If you haven't used a card for a long period, it generally will not hurt your credit score. However, if a lender notices your inactivity and decides to close the account, it can cause your score to slip.
Not using your credit card doesn't hurt your score. However, your issuer may eventually close the account due to inactivity, and that could affect your score by lowering your overall available credit. For this reason, it's important to not sign up for accounts you don't really need.
Credit scores can drop due to a variety of reasons, including late or missed payments, changes to your credit utilization rate, a change in your credit mix, closing older accounts (which may shorten your length of credit history overall), or applying for new credit accounts.
Unused credit cards don't make any money -- and an open credit card account costs money to maintain and monitor. So, the most common outcome of letting your card go unused is that the card issuer simply cancels your unused credit card and closes the account.
Having accounts open with a credit card company will not hurt your credit score, but having zero balances will not prove to lenders that you are creditworthy and will repay a loan. Lenders want to make sure you repay, and that you will also pay interest.
In general, it's best to keep unused credit cards open so that you benefit from a longer average credit history and a larger amount of available credit. Credit scoring models reward you for having long-standing credit accounts, and for using only a small portion of your credit limit.
When you pay off a loan, your credit score could be negatively affected. This is because your credit history is shortened, and roughly 10% of your score is based on how old your accounts are. If you've paid off a loan in the past few months, you may just now be seeing your score go down.
Credit utilization — the portion of your credit limits that you are currently using — is a significant factor in credit scores. It is one reason your credit score could drop a little after you pay off debt, particularly if you close the account.
If you've made a late payment or have other derogatory information listed on one of your credit reports, it could cause your score to drop at least 30 points. Also, using more of your available credit or closing one of your oldest credit card accounts could cause a large drop in your score.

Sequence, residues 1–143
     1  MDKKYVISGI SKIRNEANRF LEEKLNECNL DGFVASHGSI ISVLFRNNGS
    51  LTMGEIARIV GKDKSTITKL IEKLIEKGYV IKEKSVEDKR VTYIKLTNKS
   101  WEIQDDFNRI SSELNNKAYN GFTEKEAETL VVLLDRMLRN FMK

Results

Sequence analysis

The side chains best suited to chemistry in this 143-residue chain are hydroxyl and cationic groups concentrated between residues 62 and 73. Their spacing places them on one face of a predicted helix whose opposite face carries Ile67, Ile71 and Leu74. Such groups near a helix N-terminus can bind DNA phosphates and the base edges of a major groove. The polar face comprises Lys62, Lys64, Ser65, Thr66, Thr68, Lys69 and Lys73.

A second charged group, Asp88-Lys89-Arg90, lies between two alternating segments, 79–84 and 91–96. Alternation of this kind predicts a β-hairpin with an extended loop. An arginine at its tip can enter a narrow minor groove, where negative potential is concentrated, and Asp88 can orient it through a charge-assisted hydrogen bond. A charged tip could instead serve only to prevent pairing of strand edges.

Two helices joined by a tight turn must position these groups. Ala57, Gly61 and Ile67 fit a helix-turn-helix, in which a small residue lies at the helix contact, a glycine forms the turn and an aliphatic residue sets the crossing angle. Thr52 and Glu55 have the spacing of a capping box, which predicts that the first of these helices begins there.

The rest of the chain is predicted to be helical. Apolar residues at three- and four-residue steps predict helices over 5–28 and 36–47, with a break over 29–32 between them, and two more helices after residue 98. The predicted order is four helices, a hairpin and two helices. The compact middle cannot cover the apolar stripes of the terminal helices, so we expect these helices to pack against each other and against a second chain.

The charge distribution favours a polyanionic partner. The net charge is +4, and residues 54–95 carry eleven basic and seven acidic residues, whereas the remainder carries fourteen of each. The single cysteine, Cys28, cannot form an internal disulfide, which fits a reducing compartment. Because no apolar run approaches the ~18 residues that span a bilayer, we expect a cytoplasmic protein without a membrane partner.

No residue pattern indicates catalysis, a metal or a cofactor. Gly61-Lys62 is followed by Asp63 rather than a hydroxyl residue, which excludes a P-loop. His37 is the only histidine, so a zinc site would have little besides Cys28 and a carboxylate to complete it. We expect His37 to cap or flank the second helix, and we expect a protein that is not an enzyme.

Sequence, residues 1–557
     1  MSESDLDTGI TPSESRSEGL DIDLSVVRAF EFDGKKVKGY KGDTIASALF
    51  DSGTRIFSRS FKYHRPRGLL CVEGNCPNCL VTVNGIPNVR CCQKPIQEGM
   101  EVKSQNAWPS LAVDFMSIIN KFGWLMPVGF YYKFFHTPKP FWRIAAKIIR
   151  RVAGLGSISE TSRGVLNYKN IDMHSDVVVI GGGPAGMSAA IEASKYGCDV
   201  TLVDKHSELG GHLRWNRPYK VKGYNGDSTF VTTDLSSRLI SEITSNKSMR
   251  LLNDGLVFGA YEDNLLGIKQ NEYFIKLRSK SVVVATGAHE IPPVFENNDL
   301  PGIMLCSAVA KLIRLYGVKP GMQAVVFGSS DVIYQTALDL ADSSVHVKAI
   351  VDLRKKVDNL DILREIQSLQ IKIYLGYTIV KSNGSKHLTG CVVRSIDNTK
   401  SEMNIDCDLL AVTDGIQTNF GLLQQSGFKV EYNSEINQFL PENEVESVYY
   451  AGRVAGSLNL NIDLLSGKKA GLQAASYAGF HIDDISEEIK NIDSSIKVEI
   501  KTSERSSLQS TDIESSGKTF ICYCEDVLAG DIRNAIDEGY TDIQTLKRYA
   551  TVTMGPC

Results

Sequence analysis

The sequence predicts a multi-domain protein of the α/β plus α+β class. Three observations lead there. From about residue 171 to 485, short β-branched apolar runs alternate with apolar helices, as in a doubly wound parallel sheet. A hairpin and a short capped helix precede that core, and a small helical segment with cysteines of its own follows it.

In general, you should plan to use your card every six months. However, if you want to be extra safe, aim for every three. Some card issuers will explicitly state in the card agreement what length of time is considered to be inactive.
It's generally recommended that you have two to three credit card accounts at a time, in addition to other types of credit. Remember that your total available credit and your debt to credit ratio can impact your credit scores. If you have more than three credit cards, it may be hard to keep track of monthly payments.
It's Best to Pay Your Credit Card Balance in Full Each Month
Leaving a balance will not help your credit scores—it will just cost you money in the form of interest. Carrying a high balance on your credit cards has a negative impact on scores because it increases your credit utilization ratio.
It's better to pay off your credit card than to keep a balance. It's best to pay a credit card balance in full because credit card companies charge interest when you don't pay your bill in full every month.
It will take about six months of credit activity to establish enough history for a FICO credit score, which is used in 90% of lending decisions. 1 FICO credit scores range from 300 to 850, and a score of over 700 is considered a good credit score. Scores over 800 are considered excellent.
What does it mean to have perfect credit? If your credit score is 850, you have the highest credit score possible in both the FICO and the VantageScore credit scoring systems. However, the FICO credit scoring system considers all credit scores over 800 to be exceptional.
The credit limit you can get with a 750 credit score is likely in the $1,000-$15,000 range, but a higher limit is possible. The reason for the big range is that credit limits aren't solely determined by your credit score.
A FICO score of 650 is considered fair—better than poor, but less than good. It falls below the national average FICO® Score of 710, and solidly within the fair score range of 580 to 669.
If you're already close to maxing out your credit cards, your credit score could jump 10 points or more when you pay off credit card balances completely. If you haven't used most of your available credit, you might only gain a few points when you pay off credit card debt.
Your credit utilization ratio goes up
By closing a credit card account with zero balance, you're removing all of that card's available balance from the ratio, in turn, increasing your utilization percentage. The higher your balance-to-limit ratio, the more it can hurt your credit.
In most cases, you won't be penalized just because you haven't used your credit card. Therefore, it is always better to get rid of the card but keep the account open... this will increase your credit score and make you a better candidate for loans.
For starters, when you close a credit card account, you lose the available credit limit on that account. This makes your credit utilization ratio, or the percentage of your available credit you're using, jump up—and that's a sign of risk to lenders because it shows you're using a higher amount of your available credit.
Making more than one payment each month on your credit cards won't help increase your credit score. But, the results of making more than one payment might.
Paying off your credit card with the highest APR first, and then moving on to the one with the next highest APR, allows you to reduce the amount of interest you will pay throughout the life of your credit cards.